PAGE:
If you tell your Realtor your Exact price that you'll walk away and not buy the house, you'll find you will more often than not, you'll get THAT exact price. Don't tell them everything, tell them what they really need to know. Just know that If you keep back something important, and you lose the house as a result, they will probably get a bit angry with you. You just don't have to tell them all the little details. It gives you the ability to Bluff and push your price point a little more without getting too much resistance from your Realtor before it even gets to Their Realtor. You gotta keep your game face sometimes. (Megan was the WORST at this. The first things out of her mouth on every counter offer were "I think we should take this. It feels like "the one".") 

Our Realtor was very educational for us, and gave us a lot of information and was great. We would always play a little game of "What do you think this house will sell for" at every viewing.  When it came to a house I actually really liked and was thinking we would put an offer on, I'd always say that the house was worth about $10,000 less than I actually thought it was. This does two things: It compensates for your Emotions, which drive you to say "LETS BUY IT NOW!" and it also sets your price point more aggressively  if its too aggressive...  your Realtor will let you know.

If you're near your Financial Cap when offering on a house, be prepared to walk away if you hit your price limit. My Realtor was pretty good, but I've heard a ton of horror stories where the line "Do you really want to risk losing this house over a couple of thousand dollars?"  and comparing it to "only a couple dollars a month" etc. These are high pressure sales techniques, and if your realtor is doing this to you, You may want think twice about their loyalty to you, vs. their wallet. Realtors are Realtors to make money. 

To set things clear, I do not see Realtors as "evil"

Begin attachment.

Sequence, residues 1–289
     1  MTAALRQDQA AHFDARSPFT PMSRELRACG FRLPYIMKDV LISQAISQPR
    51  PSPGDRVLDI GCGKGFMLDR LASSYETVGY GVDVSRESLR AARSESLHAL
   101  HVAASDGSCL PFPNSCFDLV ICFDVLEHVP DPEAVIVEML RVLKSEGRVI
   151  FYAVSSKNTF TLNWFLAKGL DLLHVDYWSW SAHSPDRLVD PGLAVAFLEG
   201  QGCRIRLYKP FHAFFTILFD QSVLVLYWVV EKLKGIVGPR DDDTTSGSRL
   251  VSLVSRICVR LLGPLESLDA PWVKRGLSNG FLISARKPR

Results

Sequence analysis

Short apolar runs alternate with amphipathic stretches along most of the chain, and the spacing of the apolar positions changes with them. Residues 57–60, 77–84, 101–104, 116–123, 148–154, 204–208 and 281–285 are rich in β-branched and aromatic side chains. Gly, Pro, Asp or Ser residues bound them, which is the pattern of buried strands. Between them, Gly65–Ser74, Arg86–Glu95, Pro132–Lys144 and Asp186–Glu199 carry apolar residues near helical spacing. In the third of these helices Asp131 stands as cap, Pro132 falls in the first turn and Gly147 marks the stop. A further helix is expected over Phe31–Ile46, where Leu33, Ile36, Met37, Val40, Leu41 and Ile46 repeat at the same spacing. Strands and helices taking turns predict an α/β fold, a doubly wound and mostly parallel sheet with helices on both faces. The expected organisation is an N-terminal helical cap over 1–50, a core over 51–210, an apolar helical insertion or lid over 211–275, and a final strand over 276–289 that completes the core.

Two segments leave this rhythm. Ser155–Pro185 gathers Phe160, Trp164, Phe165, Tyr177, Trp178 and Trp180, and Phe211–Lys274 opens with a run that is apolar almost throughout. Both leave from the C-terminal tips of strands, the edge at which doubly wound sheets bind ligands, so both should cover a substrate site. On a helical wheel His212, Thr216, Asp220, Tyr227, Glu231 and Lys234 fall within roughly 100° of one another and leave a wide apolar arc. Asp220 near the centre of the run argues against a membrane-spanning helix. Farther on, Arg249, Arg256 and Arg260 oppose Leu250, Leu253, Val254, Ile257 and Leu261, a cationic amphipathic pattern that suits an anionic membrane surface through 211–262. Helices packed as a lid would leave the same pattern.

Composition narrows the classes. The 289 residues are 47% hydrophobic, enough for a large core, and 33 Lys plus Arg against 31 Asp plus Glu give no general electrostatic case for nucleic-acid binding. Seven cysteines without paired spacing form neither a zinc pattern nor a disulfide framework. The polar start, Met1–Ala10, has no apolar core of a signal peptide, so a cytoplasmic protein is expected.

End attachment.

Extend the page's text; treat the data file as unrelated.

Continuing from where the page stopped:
There are people who "hmm and haww" for months, passing on house after house, never willing to make the plunge. These people Do sometimes need a push. A good Realtor will push gently, as it is a HUGE commitment  and will effectively put you in debt (kinda) for the next 25 years. Just don't let ANYONE push you into something that isn't right for you.

I'm just saying: Think of yourself, FIRST.

You are buying your first house. It MUST be a deal, a great value, and be right for you. It must be sellable in the future, Hopefully for more than you paid for it! If this isn't working out, If the price isn't right, Reject the counter offer, and start looking for a better fit. You only get your First Time Homebuyer perks ONCE, and it is literally thousands of dollars of savings. You NEED to make sure you're getting the most house for your money! Do not let anyone push you into buying it.

So Once you've accepted the counter offer (or they've accepted yours) you gotta jump on the Building inspection, getting a Lawyer and a bunch of paperwork.

Next post:

Inspection Time!

1 comment:

  1. Great Blog, really enjoying reading it so far and thinking "man I wish something like this existed when I bought my first place what feels like forever ago".

    One point of clarity, sellers can take multiple offers at the same time. I am sure you know this but the wording of your blog above may lead one to believe that sellers can't do this.

    Just because you are "doing the tango" with the sellers doesn't mean someone else isn't also dancing with them.